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Dallas officer who killed neighbor in his apartment is fired by department

Family of man shot in own home speaks out
Botham Jean's family says doormat distinguished his home from others 03:33

A white police officer who shot and killed her black neighbor in his apartment was fired by the Dallas Police Department on Monday. Dallas Police Chief U. Renee Hall fired Amber Guyger after an internal investigation determined the former officer "engaged in adverse conduct" when she was arrested on manslaughter charges, according to a news release.

Earlier this month, Guyger, a 4-year veteran of the force, was arrested in the Sept. 6 shooting of 26-year-old Botham Jean. She told investigators she confused Jean's apartment for her own and that the door was slightly ajar, according to an arrest affidavit.

She said she mistook Jean for an intruder and fired two shots when Jean ignored her verbal commands, the affidavit said. She said she didn't realize she was in the wrong apartment until she turned the lights on and called 911. Jean later died at a local hospital after suffering a single gunshot wound to the torso.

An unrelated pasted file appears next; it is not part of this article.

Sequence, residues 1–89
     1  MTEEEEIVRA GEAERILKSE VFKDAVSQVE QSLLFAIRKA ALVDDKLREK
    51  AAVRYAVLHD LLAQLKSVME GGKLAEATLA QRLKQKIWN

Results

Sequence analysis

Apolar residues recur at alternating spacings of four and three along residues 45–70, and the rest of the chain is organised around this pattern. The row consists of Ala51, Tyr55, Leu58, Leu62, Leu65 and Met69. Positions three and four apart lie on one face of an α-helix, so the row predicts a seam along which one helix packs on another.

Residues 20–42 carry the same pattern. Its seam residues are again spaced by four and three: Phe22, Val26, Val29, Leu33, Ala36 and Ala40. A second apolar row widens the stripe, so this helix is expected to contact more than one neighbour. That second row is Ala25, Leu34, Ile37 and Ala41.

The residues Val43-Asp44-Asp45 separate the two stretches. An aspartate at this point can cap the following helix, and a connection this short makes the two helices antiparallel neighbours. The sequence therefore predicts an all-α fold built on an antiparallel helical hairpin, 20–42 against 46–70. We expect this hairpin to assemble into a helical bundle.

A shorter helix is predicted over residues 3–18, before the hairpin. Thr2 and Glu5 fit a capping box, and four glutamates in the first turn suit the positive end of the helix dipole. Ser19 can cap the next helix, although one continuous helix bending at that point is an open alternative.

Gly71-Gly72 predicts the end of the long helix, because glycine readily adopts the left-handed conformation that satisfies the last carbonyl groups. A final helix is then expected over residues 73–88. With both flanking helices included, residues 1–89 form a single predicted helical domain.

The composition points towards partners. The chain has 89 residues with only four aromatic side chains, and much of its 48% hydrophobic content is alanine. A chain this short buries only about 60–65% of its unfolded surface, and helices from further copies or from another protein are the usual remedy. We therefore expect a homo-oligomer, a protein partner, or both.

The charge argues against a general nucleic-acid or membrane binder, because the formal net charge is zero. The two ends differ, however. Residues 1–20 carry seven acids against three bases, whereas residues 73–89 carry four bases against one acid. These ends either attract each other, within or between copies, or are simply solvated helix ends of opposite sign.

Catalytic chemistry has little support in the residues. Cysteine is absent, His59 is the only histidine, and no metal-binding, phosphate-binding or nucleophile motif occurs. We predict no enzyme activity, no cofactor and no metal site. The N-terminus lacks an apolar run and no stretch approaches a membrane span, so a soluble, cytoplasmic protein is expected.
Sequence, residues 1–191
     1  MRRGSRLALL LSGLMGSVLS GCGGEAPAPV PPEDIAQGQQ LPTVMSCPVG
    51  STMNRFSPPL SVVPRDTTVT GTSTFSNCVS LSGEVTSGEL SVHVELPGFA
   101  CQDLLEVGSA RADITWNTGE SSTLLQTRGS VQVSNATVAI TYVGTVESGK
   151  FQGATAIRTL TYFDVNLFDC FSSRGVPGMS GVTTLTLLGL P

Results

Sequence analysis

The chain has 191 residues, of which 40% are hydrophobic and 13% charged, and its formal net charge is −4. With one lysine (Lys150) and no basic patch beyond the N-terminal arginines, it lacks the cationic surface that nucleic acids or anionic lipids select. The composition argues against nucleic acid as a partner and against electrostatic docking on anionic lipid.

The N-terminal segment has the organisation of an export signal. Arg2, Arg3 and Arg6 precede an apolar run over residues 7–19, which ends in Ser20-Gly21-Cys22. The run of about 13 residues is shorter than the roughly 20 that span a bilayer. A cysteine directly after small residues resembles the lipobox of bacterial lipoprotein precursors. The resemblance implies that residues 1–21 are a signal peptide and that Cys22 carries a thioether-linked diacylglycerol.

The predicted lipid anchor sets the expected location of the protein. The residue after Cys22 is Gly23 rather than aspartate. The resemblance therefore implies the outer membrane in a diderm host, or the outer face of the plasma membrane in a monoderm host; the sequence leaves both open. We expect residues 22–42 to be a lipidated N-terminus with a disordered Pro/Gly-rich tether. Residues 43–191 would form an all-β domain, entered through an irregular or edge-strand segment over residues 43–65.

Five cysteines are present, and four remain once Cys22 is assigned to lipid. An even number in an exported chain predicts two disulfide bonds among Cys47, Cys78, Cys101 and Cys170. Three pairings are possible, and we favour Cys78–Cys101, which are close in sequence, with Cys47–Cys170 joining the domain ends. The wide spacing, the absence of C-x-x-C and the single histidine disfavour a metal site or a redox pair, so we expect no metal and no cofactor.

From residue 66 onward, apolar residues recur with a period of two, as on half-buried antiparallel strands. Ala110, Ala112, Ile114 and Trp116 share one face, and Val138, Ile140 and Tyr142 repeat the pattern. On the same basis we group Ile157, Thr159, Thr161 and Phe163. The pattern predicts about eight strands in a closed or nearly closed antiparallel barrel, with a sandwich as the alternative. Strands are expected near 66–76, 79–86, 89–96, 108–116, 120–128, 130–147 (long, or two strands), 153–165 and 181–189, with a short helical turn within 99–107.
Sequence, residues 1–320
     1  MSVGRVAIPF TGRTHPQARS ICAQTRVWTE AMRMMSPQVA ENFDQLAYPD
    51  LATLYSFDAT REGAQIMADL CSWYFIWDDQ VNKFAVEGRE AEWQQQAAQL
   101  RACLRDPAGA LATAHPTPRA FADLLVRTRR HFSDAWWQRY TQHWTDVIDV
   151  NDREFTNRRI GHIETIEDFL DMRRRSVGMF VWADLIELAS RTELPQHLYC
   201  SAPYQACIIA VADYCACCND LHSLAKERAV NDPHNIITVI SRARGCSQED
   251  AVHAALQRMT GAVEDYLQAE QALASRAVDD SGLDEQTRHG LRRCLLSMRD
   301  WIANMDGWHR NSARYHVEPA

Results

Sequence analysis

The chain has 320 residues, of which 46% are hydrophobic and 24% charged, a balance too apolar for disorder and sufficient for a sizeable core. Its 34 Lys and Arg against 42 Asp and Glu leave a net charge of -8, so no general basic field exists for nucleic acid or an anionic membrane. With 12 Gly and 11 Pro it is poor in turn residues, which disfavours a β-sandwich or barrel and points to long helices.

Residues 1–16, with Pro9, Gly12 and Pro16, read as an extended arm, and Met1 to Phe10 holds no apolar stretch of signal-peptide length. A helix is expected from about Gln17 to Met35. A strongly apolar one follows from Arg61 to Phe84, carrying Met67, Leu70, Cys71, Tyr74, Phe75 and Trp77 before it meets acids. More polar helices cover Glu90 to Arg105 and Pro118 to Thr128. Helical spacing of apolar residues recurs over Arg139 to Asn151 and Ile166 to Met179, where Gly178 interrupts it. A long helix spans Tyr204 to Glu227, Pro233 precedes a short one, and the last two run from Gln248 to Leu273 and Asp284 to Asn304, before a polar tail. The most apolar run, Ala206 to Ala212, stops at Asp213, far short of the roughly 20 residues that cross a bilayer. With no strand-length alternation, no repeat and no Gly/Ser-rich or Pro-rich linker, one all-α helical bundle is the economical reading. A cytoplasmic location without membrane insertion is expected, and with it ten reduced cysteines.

Some neighbors disputed Guyger's account, telling Jean's attorneys they heard knocking followed by a woman's voice saying, "Let me in. Let me in."

Lee Merritt, a lawyer for the Jean family, said they were told about Hall's plans to fire Guyger on Sunday. His office said Hall explained that a premature suspension could have compromised the criminal case against Guyger.

"The Jean family expressed satisfaction in this explanation and in Guyger's termination. We see it as an initial victory — well received on the day Botham Jean is laid to rest in his native country in St. Lucia," Merritt's office said in a statement, adding that they are committed to see a "proper murder indictment, conviction and appropriate sentencing."

In a statement, Dallas Mayor Mike Rawlings said he agrees with the department's decision to fire Guyger. "The swift termination of any officer who engages in misconduct that leads to the loss of innocent life is essential if the Dallas Police Department is to gain and maintain the public trust."

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